Tuesday 20 March 2018

War in Iraq is at an end, says Obama

U. S. President Barack Obama announces the withdrawal of U. S. troops from Iraq in the briefing room of the White House in Washington
U. S. President Barack Obama announces the withdrawal of U. S. troops from Iraq in the briefing room of the White House in Washington

Alex Spillius in Washington

US President Barack Obama has announced that all American troops will leave Iraq by the end of the year, bringing a formal close to a long and bloody war that divided the country.

In a brief appearance at the White House yesterday, Mr Obama said: "I can report that, as promised, the rest of our troops in Iraq will come home by the end of the year. After nearly nine years, America's war in Iraq will be over."

The remaining 40,000 US troops in Iraq, would, he said, "definitely be home for the holidays".

He conspicuously declined to repeat the mistake of his predecessor George W Bush, who started the war in March 2003 and displayed a "Mission Accomplished" banner six weeks later, only for Iraq to descend into years of insurgency and sectarian violence that has claimed at least 100,000 civilian lives.

Mr Obama, however, asserted that the "United States is moving forward from a position of strength".

"The last American soldier will cross the border out of Iraq with their head held high, proud of their service," he added.

The president stressed that he was meeting a withdrawal deadline reached earlier with the Iraqis, as well as keeping a pledge made as a candidate in 2008 to wind down the controversial war as fast as possible.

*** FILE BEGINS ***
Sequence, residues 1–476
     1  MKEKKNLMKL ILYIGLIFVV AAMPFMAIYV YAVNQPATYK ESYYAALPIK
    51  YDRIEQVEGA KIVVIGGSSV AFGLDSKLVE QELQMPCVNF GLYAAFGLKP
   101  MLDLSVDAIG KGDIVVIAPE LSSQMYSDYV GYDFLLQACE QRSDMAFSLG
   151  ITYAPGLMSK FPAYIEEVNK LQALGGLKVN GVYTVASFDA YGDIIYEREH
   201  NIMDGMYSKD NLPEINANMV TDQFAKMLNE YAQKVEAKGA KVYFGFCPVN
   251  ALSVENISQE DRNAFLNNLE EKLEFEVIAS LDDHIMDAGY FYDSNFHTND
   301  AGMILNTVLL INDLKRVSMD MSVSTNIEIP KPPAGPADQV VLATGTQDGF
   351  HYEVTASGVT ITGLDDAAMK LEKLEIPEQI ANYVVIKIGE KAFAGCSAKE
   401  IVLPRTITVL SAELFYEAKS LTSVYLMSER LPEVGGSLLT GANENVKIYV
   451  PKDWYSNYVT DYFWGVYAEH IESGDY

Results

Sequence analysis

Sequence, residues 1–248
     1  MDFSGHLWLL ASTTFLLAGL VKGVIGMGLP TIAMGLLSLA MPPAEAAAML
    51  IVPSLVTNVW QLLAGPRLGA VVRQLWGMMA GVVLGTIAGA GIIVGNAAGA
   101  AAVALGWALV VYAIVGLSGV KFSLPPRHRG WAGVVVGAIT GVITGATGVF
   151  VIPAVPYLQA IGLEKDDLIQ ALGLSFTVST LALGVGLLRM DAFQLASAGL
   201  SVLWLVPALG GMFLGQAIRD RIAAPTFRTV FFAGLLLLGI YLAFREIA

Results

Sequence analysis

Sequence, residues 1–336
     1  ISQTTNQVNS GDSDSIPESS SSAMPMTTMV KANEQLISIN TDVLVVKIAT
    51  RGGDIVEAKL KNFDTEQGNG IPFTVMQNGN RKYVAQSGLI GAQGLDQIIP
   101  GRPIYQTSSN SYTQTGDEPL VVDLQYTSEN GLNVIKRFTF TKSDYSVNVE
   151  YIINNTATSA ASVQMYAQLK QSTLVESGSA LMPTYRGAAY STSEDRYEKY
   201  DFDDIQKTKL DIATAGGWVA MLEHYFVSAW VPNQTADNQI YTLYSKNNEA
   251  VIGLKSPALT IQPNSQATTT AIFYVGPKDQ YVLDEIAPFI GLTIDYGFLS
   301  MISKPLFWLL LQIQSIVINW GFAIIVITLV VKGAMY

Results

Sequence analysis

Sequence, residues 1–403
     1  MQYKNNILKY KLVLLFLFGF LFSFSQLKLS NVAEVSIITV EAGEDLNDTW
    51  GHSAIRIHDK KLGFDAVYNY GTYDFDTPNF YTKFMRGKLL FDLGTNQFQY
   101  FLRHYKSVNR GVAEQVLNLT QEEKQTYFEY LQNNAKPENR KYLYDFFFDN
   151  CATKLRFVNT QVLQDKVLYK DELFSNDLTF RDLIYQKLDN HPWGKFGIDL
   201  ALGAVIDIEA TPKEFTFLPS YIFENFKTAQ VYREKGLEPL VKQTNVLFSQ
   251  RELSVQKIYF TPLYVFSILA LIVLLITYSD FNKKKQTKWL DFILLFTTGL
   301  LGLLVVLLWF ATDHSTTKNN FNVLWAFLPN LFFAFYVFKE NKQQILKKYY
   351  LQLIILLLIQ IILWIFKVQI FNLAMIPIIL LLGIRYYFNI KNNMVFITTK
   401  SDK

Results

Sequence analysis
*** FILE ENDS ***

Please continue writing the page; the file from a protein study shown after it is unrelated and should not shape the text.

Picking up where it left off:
But his statement masked the fact that his administration had wanted to keep a residual force of 4-5,000 beyond the end of the year in a training capacity that would also have acted as a prohibitive presence to neighbouring Iran.

Despite months of discussions, however, it failed to win a continued guarantee of immunity for US troops from prosecution from the Iraqi government.

Though some Iraqi politicians favoured such a deal, Iranian-backed Sadrists strongly opposed any prolonged American troop presence while Shi'ite militiamen threatened attacks on any American forces that remained past the deadline.

Mr Obama said discussions with Iraq would continue on "how the US might assist and train" the Iraqis, but offered no details.


Dennis McDonough, the US deputy national security adviser, suggested that a small US troop presence to the south in Kuwait would be able to respond to any appeals for assistance from Baghdad.

He denied that the departure of US armed forces from Iraq would leave the door open to Iranian meddling.

"We don't have concerns about Iraqis being able to exercise the kind of sovereignty they want," he said.

The president and his aides insisted that the US and Iraq would enjoy a positive relationship as sovereign nations.

Using terminology likely to be heard often between now and his re-election bid in November 2012, Mr Obama added: "After a decade of war, the nation we need to build, and will build, is our own." (© Daily Telegraph, London)

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